Lance Corporal Jesse Lamb, PLY/17/S, Plymouth Battalion, Royal Marine Light Infantry
Jesse Lamb was born in Kings Norton, Birmingham in summer 1876, one of eight children born to Jesse Lamb and Harriett Peach who married in Kings Norton in 1867. On the 26th December 1900 at Kings Norton Parish Church, Jesse junior, a metal cleaner aged 24, married 26 year-old spinster Frances Ann Talbot of South Ossett. The couple had four children: two sons and two daughters, between 1902 and 1909, and by 1911 the family were living at 8, Wharf Road, Kings Norton.
Jesse, a labourer, enlisted in Dewsbury with the Royal Marine Light Infantry (RNLI), Plymouth Division on the 14th September 1914, just six weeks after Great Britain declared war on Imperial Germany and its allies. Confusingly his RMLI service register shows that he first enlisted with the King’s Own Yorkshire Light Infantry (KOYLI) on the 8th September 1914 and transferred to the RMLI on the 16th September. The register also records him as being 33 years of age and has his date of birth as the 27th January 1881, rather than his registered birth date in summer 1876. Perhaps he told an untruth to enlist? Jesse was 5’ 9” tall with blue eyes, dark brown hair and no marks, wounds or scars.
He was part of the Mediterranean Expeditionary Force (M.E.F) between the 6th February 1915 and the 5th August 1915, but then contracted influenza and was invalided to the UK. He appears to have returned to duty by the 15th September 1915 and served with the Plymouth Division between late October 1915 and late June 1916. He moved to 1st Reserve Battalion Blandford (a.k.a. "Victory") serving in late June 1916 and returned to Plymouth Division in early December 1917, remaining there until the 8th March 1918. He then transferred to the Royal Marine Engineers at Southwick until late March 1919. He was demobilised on the 23rd April 1919 (elsewhere 21st May 1919).
The Mediterranean Expeditionary Force (MEF) was part of the British Army during World War One that commanded all Allied forces at Gallipoli and later Salonika. Its headquarters was formed in March 1915. The MEF was originally commanded by General Sir Ian Hamilton until he was dismissed due to the failure of the August Offensive. Command briefly passed to General William Birdwood, commander of the Australian and New Zealand Army Corps, but for the remainder of the Gallipoli campaign it was General Sir Charles Monro who led the MEF.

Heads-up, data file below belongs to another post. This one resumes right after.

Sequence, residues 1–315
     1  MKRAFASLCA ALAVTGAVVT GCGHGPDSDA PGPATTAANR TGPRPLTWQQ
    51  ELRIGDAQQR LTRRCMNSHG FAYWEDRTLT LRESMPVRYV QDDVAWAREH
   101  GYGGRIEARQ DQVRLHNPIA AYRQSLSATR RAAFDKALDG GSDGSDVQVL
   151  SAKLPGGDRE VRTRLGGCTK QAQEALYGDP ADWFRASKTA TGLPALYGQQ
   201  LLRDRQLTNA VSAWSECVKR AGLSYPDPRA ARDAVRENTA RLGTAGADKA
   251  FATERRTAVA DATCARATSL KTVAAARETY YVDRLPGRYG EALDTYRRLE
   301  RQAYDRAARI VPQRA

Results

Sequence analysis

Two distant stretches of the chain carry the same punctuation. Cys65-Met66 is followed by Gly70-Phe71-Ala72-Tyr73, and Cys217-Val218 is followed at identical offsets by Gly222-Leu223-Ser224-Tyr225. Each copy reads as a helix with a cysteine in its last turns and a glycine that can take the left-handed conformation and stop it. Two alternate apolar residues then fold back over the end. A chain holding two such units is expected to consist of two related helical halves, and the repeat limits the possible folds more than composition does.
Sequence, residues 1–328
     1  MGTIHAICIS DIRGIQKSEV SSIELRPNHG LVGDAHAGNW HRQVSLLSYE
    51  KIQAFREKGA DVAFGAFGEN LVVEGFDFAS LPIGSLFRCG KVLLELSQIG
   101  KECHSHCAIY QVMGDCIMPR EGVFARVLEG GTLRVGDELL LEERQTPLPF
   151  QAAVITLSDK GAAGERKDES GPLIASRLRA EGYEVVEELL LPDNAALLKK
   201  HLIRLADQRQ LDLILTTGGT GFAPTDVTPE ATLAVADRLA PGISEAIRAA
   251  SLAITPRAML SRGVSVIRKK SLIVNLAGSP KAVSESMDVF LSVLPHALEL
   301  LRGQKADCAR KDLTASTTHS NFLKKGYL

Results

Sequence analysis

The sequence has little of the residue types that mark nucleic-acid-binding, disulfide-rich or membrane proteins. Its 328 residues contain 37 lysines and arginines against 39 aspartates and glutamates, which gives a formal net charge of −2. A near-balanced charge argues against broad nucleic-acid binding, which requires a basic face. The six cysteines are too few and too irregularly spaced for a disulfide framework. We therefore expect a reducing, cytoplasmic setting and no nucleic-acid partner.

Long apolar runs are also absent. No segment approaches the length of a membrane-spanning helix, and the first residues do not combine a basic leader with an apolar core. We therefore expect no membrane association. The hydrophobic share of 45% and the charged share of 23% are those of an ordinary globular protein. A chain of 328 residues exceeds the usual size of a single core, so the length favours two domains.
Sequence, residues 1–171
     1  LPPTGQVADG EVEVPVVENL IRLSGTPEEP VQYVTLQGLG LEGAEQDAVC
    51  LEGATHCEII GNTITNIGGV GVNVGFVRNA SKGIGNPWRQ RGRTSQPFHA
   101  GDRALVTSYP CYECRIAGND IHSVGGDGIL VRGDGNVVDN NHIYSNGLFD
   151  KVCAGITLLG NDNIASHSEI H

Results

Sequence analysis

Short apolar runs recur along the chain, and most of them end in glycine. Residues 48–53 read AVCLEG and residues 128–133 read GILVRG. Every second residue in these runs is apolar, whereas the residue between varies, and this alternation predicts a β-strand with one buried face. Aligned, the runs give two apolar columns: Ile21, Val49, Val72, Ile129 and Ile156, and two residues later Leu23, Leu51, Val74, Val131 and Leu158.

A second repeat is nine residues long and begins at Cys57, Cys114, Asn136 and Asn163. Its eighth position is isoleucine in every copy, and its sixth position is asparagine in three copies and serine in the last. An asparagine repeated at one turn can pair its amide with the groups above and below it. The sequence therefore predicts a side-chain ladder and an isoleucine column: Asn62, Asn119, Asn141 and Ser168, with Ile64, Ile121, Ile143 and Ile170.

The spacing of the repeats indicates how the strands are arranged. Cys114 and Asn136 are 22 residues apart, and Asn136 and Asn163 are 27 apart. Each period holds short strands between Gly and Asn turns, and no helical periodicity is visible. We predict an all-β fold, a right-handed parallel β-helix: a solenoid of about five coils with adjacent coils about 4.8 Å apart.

Throughout almost five years of service Jesse Lamb’s general character was always reported as "Very Good". His RMLI service register records his next of kin as his wife, Frances Ann, of 5, Radley Street, The Green, Ossett. It seems likely that his absence from his wife and four children for almost the whole of WWI caused them to move to Frances’s Ossett home and since he enlisted at Dewsbury in 1914 it seems likely that the family had moved from Kings Norton around that time or earlier.
Sadly less than ten months after his demobilisation, Jesse Lamb died in February 1920 and was buried at Holy Trinity Church on the 17th February 1920. His address was 5, Radley Street, Ossett. He was posthumously awarded the British and Victory War Medals and also the 1914-15 Star, indicating that he had served overseas in a theatre of war and that he had done so in Europe before 1st January 1916.
Jesse Lamb is not listed by the Commonwealth War Graves Commission but he is recorded in the Great Britain, Royal Naval Division Casualties of the Great War 1914-1924. Until now he has not been remembered on any Ossett War Memorial or Roll of Honour.
1. Great Britain, Royal Naval Division Casualties of the Great War 1914-1924.